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The Guardian

U.S. Capitol rioters ‘prepared for war’, Senate testimony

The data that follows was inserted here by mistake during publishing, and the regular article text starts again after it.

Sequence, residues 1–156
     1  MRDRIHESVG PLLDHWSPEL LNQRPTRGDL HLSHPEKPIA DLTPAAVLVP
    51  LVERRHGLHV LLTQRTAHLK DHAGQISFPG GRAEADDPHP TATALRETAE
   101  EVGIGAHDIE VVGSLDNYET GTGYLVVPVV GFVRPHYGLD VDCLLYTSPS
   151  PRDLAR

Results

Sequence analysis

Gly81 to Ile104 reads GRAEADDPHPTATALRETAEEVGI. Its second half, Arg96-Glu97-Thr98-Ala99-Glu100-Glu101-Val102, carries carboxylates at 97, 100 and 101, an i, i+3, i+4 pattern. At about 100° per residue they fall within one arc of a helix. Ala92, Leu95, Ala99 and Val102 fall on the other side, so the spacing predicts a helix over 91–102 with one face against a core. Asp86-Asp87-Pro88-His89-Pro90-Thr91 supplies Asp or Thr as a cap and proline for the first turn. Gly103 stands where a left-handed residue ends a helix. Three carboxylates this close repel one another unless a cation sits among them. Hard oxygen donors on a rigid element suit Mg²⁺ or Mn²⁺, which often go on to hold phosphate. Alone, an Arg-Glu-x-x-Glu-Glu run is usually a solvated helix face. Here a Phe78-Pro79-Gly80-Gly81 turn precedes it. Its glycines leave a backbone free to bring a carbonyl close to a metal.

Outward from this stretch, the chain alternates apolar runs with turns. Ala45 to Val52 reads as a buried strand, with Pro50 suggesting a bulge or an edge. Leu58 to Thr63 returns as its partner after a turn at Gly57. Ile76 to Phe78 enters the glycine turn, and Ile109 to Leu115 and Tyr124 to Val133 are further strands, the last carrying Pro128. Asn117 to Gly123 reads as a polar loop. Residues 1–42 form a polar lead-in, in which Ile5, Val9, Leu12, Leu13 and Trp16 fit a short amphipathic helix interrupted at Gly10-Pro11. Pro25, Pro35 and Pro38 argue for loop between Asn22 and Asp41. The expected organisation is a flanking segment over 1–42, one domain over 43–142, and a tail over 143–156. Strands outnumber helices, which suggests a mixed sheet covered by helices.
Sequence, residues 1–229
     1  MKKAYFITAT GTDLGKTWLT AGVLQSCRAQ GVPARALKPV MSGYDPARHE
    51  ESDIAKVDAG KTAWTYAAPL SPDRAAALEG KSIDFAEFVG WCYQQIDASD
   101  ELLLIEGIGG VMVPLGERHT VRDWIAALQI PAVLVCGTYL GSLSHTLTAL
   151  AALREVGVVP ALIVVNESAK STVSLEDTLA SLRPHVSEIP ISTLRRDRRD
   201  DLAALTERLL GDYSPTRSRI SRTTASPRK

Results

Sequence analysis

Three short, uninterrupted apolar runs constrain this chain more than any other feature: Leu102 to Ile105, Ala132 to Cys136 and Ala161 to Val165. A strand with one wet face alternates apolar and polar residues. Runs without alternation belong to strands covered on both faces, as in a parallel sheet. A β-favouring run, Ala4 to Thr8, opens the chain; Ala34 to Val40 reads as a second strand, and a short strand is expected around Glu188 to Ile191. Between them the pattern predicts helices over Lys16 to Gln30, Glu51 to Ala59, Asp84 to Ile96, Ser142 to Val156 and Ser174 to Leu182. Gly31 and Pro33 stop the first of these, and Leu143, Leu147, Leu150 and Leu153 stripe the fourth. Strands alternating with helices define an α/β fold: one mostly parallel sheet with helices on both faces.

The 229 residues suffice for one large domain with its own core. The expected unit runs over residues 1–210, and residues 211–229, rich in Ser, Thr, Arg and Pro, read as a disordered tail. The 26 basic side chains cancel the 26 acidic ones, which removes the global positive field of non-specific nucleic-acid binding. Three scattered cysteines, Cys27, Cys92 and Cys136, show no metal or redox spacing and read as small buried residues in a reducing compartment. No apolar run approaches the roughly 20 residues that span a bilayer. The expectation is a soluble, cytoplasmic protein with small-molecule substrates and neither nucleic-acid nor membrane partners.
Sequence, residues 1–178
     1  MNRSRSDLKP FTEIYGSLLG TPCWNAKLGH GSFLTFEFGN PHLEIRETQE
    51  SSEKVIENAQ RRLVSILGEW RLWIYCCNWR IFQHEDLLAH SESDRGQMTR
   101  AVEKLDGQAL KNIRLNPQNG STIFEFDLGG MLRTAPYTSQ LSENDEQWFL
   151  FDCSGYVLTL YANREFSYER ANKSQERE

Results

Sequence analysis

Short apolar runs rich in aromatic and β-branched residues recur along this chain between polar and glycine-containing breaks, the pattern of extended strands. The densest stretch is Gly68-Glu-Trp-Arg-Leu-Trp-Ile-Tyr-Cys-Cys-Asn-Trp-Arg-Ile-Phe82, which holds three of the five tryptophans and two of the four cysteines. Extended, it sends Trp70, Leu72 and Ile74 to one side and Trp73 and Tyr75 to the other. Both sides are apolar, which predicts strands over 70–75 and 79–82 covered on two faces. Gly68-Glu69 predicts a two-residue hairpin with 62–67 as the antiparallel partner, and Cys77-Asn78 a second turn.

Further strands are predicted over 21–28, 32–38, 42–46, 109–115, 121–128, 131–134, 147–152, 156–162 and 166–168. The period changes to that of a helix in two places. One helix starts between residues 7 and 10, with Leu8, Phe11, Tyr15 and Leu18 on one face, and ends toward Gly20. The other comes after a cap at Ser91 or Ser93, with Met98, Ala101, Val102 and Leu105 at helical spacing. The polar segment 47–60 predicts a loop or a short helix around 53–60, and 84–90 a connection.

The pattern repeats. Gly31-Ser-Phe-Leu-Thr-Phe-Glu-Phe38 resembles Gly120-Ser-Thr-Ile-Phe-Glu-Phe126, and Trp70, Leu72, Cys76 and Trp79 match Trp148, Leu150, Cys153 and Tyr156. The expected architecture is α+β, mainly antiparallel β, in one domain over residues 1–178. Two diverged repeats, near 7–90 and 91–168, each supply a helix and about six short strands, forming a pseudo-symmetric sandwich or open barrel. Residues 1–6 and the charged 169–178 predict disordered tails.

The first Congressional hearing on the attack comes the day after Merrick Garland said he would expand the probe into the January 6 assault on US politics – updates live Steven Sund, former police chief du Capitole, during a Senate hearing on February 23. Photograph: REX / Shutterstock Testifying at the first Congressional hearing on the attack on the U.S. Capitol on Tuesday, the Capitol Police Chief who resigned following the riot said the pro-Trump mob that took to assault the building “had prepared for war”. Joe Biden’s candidate for attorney general Merrick Garland seems to agree. In a confirmation hearing on Monday that set the stage for Tuesday’s joint hearing organized by the Senate Homeland Security and Rules Committees, he said he would expand the criminal investigation into the assault on the January 6, claiming that Congressional domestic terrorism is a greater threat to American democracy than it has been decades ago. Before the Senate Judiciary Committee, Garland described the insurgency by Trump supporters and white supremacists as “a heinous act that sought to disrupt a cornerstone of our democracy.” He said his first act, if confirmed as the leading U.S. prosecutor, would be to focus on inner terror. Calling the events of January 6 “not necessarily one-off,” Garland, currently a federal judge, pledged to use the full powers of the Department of Justice to prevent another attack. “I intend to look more broadly at where this is coming from, what other groups might raise the same issue in the future,” he said. Merrick Garland speaks during his confirmation hearing before the Senate Judiciary Committee on February 22. Photograph: Xinhua / REX / Shutterstock On Tuesday, the two senior officials responsible for securing the Capitol on the day of the deadly assault were called to testify before Congress. Paul Irving, the former House Sergeant-at-Arms, and Michael Stenger, his Senate counterpart, both of whom resigned after the breach, appeared before a joint hearing of two Senate committees. It marked the start of a congressional investigation into the giant security loopholes behind the insurgency. Stenger said: “This was a violent and coordinated attack where the loss of life could have been much worse.” Irving said: “Based on the intelligence, we all thought the plan met the threat and we were ready. We now know we had the wrong plan. Two other officials, former Capitol Police Chief Steven Sund and Acting Police Chief of the Washington Metropolitan Police Department, Robert Contee, also testified. Sund also resigned following the disaster. “These criminals came prepared for war,” Sund told senators. Capitol Police captain Carneysha Mendoza described January 6 as “by far the worst of the worst” of all the days she worked. “We could have had 10 times as many people working with us, and I still believe the battle would have been just as devastating,” Mendoza said. Capitol Police Capt Carneysha Mendoza testifies at a Senate hearing on February 23. Photograph: REX / Shutterstock The riot was born out of a rally to “save America” ​​and “stop theft”, inspired by Donald Trump’s lie that the 2020 presidential election was rigged. The event was widely publicized on social media. Trump made headlines at the initial rally, delivering an inflammatory speech he had billed weeks earlier with a tweet saying, “Big protest in Washington on January 6. Be there, will be wild! The riot that followed left five people dead. A woman who was trying to break into the Chamber’s room was shot and killed by police. Capitol Hill police officer Brian Sicknick has died after being hit with a fire extinguisher. In the Senate on Tuesday, Rob Portman of Ohio, the senior Republican on the Homeland Security committee, noted that two other officers have committed suicide since the insurgency. “We will never forget the service and sacrifice” of these officers, said Portman in his opening remarks. He was one of 43 Republican senators to vote to acquit Trump in the impeachment trial that resulted from the riot, the former president accused of inciting an insurgency. The aggressive approach to investigating the January 6 riot, coupled with Garland’s testimony, signals a dramatic change of course under Democratic leadership in Washington. Garland’s focus on white supremacy and his clear labeling of domestic terrorism marks a departure from the leadership of Trump and Mitch McConnell, the Republican leader of the Senate, who tended to downplay the danger or, in the case of the former president, actively. refuse to condemn far-right and racist groups. Garland’s judicial committee hearing saw him questioned about his definition of domestic terror by one of the Republican senators accused of pushing sedition. Joshua Hawley of Missouri was pictured with a closed fist in a show of solidarity with the “stop flying” crowd outside the Capitol, shortly before violence erupted. At Monday’s hearing, Hawley asked Garland if he thought violence against federal property during racial justice protests was a form of domestic terrorism. Not to mention Hawley’s actions on January 6, Garland made a strong response that disrupting democratic processes, such as during the Capitol uprising, fits the definition. “Attacking a courthouse at night” did not. Garland is a credible voice on the issue of domestic terrorism. He served as senior prosecutor for the Oklahoma City bombings in 1995. In his testimony, he drew a line of the Capitol Uprising in Oklahoma City, where 168 people were killed, and from that to the “Battles of the City”. Original Ministry of Justice against the Ku Klux Klan ”. Tuesday’s testimony from former Capitol Security chiefs was hosted by Democrats Amy Klobuchar of Minnesota and Gary Peters of Michigan. Senators were to aggressively question witnesses about the preparations they made before the attack and why they appeared to be caught off guard despite numerous public warnings. The joint hearing of the Senate Homeland Security and Rules Committees was just the start of an expected series of inquiries. Although Trump was acquitted by the Senate of his impeachment charge of “inciting insurgency,” Democratic leaders remain committed to reviewing the actions and mistakes that led to the assault. An independent bipartite commission can also be convened. “This is certainly not the last hearing we will have on this attack,” Klobuchar said at the start of Tuesday’s hearing.